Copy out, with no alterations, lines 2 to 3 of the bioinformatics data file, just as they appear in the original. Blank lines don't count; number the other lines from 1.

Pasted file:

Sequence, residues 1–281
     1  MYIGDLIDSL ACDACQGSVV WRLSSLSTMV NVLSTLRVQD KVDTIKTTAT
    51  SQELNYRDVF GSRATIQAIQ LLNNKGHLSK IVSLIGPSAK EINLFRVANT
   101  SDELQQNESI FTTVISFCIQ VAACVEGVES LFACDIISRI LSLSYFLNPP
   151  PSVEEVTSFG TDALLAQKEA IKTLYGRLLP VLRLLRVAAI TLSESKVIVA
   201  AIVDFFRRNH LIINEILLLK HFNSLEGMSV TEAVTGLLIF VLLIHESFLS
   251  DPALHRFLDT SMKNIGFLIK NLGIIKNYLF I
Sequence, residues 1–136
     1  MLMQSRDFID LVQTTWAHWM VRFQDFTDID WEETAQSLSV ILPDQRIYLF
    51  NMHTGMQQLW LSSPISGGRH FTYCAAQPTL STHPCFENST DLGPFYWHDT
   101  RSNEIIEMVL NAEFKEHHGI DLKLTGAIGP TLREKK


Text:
     1  MYIGDLIDSL ACDACQGSVV WRLSSLSTMV NVLSTLRVQD KVDTIKTTAT
    51  SQELNYRDVF GSRATIQAIQ LLNNKGHLSK IVSLIGPSAK EINLFRVANT